Paul VI clearly labeled the young lady’s actions as harassment. The following is an excerpt of the account from Jezebel: “…Alexis, her parents, a handful of teachers, McGroarty and the principal, Virginia Colwell, had a meeting in which Alexis was asked if she knew what pornography was and whether she felt she had ‘harassed’ Jason and Peter. Alexis said she found the questions complicated and was criticized for not answering them correctly, including one about ‘what justice’ she felt the boys should receive; Alexis and her parents assumed the administration was referring to Jason and Peter’s punishment, but they actually ‘wanted to know what I should do to make them feel better if they were distraught,’ Alexis said.”
So, in sending a sexy message to her male friends upon request, Alexis “harassed” Jason, Peter, and the rest of the lacrosse team that received the forwarded message. Yet the boys who willingly shared and distributed the “pornographic material” are victimized? Something doesn’t jive.
Was giving the young woman the ultimate sentence of expulsion from a private, religious school out of line? I’d argue no—that’s their prerogative as a private institution. But in letting those boys off scot-free, the administration catalyzed a gross double standard that is directly reflective of a gender inequality: women are supposed to be the keepers of virtue, yet men cannot be expected to be held to the same standard. In all honesty, it doesn’t matter that the young woman was the instigator. All parties were equal participants, and Alexis sent the picture under the assumption that the two boys would keep it to themselves. Granted, while putting blind faith in anyone like that is, well, naïve, letting these boys off the hook sends the signal that men don’t need to be challenged to respect women. Instead, the administration turned a series of poor judgment calls into a witch hunt under the banner of the following logic: “What would you expect? They’re teenage boys, after all.”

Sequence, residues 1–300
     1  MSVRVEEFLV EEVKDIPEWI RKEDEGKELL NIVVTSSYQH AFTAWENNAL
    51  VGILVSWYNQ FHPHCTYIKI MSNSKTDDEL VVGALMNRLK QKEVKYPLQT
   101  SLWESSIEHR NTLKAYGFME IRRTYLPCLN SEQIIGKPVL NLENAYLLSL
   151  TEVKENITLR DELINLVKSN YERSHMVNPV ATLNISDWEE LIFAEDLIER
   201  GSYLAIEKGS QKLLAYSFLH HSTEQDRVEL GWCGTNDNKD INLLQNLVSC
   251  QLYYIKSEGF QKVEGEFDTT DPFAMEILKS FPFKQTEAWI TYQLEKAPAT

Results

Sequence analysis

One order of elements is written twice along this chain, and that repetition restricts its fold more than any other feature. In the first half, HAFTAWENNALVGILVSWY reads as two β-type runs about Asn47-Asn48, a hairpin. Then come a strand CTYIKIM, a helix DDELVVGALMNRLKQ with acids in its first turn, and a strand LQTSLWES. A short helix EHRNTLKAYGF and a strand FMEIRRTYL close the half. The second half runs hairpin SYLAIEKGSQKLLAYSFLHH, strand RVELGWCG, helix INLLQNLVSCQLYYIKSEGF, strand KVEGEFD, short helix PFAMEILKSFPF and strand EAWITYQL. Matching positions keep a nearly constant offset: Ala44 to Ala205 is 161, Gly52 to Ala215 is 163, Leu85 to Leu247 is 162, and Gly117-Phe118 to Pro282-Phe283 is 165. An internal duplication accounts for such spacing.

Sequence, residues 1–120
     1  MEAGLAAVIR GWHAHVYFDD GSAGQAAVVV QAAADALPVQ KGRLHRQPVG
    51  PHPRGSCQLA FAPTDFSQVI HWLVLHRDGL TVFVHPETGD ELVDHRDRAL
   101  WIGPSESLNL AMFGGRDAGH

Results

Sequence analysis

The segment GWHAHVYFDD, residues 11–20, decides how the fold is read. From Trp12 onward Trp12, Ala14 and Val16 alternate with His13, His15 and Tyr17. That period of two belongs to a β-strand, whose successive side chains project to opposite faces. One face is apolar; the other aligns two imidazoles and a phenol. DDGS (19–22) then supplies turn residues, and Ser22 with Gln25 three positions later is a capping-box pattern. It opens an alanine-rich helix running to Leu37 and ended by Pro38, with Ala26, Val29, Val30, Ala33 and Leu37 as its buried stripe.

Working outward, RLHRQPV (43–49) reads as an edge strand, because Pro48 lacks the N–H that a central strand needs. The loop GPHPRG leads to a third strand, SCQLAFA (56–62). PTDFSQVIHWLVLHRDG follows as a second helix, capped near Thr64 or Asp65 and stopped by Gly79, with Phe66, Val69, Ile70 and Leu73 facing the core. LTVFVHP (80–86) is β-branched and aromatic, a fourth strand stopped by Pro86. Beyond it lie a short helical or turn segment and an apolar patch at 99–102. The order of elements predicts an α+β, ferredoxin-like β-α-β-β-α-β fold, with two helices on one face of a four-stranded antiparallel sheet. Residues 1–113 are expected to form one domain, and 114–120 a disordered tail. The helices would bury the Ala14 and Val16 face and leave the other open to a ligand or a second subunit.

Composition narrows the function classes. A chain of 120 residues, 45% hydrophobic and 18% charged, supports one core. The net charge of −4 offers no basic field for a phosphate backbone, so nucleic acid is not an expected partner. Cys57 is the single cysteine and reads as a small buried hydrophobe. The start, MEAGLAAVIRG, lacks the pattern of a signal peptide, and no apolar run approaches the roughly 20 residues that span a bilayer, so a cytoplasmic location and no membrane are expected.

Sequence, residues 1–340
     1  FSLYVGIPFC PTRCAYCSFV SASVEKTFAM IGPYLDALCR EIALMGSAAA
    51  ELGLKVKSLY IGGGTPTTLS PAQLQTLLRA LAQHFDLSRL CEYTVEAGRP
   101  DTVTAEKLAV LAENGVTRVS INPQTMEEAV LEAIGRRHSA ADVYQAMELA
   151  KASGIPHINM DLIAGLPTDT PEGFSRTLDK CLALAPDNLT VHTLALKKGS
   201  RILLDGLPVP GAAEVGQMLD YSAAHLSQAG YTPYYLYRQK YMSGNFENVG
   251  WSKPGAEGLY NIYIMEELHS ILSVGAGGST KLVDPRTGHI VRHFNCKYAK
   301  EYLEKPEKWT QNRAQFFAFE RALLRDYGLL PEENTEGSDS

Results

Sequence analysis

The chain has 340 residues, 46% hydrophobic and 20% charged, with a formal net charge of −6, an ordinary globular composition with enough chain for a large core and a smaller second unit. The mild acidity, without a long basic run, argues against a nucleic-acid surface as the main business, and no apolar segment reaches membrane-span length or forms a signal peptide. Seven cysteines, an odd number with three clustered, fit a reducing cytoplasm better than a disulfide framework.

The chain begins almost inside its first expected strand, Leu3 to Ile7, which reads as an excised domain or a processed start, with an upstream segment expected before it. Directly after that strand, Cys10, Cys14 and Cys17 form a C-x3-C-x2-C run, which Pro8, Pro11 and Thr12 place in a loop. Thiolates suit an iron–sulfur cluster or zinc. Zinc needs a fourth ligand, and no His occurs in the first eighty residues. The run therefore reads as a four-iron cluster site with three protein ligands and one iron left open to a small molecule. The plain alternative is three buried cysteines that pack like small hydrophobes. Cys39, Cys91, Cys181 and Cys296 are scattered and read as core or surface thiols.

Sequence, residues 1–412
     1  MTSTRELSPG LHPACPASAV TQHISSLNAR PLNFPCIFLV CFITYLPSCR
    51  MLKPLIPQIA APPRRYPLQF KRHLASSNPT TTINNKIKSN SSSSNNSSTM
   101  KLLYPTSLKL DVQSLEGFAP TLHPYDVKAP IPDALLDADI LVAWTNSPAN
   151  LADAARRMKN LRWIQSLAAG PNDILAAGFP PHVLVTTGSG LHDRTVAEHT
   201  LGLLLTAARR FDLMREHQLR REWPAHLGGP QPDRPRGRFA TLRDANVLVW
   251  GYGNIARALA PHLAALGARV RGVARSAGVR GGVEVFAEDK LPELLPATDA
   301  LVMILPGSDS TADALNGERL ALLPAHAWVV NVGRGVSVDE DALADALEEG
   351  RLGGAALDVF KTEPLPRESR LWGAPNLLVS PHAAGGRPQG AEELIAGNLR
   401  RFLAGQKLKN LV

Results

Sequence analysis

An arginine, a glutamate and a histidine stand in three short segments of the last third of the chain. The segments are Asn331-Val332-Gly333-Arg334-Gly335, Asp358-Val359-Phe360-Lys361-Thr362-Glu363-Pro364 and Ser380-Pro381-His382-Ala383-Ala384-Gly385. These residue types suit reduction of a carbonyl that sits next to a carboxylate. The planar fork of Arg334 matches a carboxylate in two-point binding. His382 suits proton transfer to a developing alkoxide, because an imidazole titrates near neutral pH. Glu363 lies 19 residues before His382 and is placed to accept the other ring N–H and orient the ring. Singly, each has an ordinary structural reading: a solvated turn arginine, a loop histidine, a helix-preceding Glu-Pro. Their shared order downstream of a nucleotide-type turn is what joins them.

In a school whose motto echoes the words of Frances de Sales, “grow in grace and wisdom,” I’m concerned that the administration failed to challenge ALL of its students to live up to this seemingly high expectation. These young men didn’t lose respect for Alexis because she sent them a topless picture—the reality is that they didn’t respect her in the first place, as evidenced by their egging her on to send them the photos. This sort of behavior is construed as acceptable when it’s continually met with the “boys will be boys” logic, of which the Paul VI sexting scandal is a textbook example.
If justice had really been done, Alexis, Jason, and Peter would have all been held equally accountable for their participation in this sort of behavior. We can’t punish Alexis for “tempting” the boys without holding Jason and Peter accountable for failing to control their urges. Frankly, it’s degrading to men to assume that they’re unable to control themselves, and therefore they can’t be held equally responsible. The assumption that “that’s what boys do” is not only disrespectful to women, but it belittles men’s capacity for respect and self-control, too.
In a private, religious institution that instills many positive traits in its students—among them mutual respect and love for all—Paul VI failed to see this incident as a two-way street. On these grounds, I’m disappointed not just as a feminist, but as an alumna.
Names marked with an asterisk (*) have been changed, per Jezebel.